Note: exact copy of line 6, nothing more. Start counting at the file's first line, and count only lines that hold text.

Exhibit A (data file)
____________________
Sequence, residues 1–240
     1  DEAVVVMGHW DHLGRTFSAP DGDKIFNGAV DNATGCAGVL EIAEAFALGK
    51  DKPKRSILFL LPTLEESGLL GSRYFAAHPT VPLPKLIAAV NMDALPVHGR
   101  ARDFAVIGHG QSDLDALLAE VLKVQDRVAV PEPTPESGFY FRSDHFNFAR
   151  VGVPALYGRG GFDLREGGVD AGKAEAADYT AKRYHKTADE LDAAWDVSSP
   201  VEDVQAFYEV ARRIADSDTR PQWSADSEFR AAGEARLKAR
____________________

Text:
   201  VEDVQAFYEV ARRIADSDTR PQWSADSEFR AAGEARLKAR